What is Pathology?
Broadly defined, pathology is the study of disease - its etiology, pathogenesis, and how it manifests in the body. This definition, while helpful, doesn’t really give you a sense of what a pathologist does in daily practice. It’s difficult to come up with a singular definition of a pathologist. Pathology can be divided into two major branches: anatomic and clinical pathology. Doctors who pursue training in pathology can choose to train in one or both divisions.
Anatomic pathologists examine tissue samples or fluids for diagnostic purposes. For example, a patient may have a suspicious lesion or mass that is biopsied. The tissue is processed, sliced into thin sections, then placed on a glass slide and stained. The pathologist then looks at the tissue, and taking into consideration the patient’s characteristics (age, previous health history), renders a diagnosis. These results are communicated the patient’s primary physician, who then tailors further treatment based on the pathologist’s diagnosis.
Clinical pathologists are laboratorians; they manage and direct the operations of many different laboratories in a hospital. Some examples include the hematology and chemistry labs, blood bank, microbiology labs - just to name a few. These labs are the core testing facilities that process patient samples for both routine tests (for example, a blood count or electrolyte panel), and more specialized tests (for example, specialized genetic testing). Clinical pathologists frequently consult with other physicians regarding interpretation of abnormal test results (and what, if any, further tests to order), and they also supervise the overall quality assurance/quality control of laboratories.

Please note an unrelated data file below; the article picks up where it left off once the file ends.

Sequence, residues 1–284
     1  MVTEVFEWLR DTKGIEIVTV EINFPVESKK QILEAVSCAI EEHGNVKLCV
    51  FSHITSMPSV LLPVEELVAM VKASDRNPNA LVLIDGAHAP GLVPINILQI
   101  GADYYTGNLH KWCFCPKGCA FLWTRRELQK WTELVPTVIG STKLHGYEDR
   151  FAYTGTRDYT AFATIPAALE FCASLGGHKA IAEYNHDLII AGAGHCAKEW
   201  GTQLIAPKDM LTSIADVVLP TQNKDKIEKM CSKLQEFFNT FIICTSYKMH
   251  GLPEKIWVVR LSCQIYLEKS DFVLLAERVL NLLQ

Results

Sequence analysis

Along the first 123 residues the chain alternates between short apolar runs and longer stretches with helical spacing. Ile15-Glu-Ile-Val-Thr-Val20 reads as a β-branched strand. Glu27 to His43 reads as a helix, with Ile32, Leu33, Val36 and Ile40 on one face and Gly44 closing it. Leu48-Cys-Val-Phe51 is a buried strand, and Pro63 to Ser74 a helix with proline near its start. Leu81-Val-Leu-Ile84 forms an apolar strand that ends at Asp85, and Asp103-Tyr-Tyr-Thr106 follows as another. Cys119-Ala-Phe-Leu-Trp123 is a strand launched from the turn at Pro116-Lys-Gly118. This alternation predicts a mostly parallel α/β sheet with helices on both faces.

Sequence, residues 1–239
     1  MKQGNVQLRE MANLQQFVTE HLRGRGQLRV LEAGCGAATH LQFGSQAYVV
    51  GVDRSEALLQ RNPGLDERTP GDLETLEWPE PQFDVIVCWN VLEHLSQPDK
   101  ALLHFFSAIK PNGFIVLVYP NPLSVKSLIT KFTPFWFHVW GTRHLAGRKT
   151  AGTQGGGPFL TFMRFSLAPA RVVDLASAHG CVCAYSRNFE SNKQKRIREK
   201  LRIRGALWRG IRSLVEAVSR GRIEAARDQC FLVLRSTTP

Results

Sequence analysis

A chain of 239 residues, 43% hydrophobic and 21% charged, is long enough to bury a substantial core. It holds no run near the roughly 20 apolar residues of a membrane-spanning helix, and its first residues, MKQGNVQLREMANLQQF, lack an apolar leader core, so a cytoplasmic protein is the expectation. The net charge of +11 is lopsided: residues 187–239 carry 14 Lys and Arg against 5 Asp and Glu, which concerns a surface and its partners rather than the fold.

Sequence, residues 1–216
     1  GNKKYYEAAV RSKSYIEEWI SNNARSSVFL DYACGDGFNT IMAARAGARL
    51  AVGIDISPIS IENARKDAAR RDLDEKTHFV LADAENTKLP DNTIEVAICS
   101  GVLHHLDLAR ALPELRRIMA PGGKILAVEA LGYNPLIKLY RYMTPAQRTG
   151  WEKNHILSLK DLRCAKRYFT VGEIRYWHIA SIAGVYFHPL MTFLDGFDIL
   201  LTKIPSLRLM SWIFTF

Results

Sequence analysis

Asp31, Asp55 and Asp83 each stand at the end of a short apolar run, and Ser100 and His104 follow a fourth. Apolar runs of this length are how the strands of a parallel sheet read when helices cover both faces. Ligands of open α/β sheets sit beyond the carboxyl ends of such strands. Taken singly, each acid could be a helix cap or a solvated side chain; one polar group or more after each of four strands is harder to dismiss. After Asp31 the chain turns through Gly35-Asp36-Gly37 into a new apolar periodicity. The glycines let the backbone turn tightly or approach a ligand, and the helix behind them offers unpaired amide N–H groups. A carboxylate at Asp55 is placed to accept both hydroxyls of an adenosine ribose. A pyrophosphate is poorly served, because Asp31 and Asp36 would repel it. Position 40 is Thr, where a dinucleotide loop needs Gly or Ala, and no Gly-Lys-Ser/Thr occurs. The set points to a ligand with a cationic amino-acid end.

Clinical decision making is guided by the results of diagnostic tests. As a result, pathologists have an vital role in patient care. We work predominantly with other physicians (hence the description of pathologists as the "doctors' doctor") in order to help guide a patient's management.
Considering pathology, or just curious to know more?
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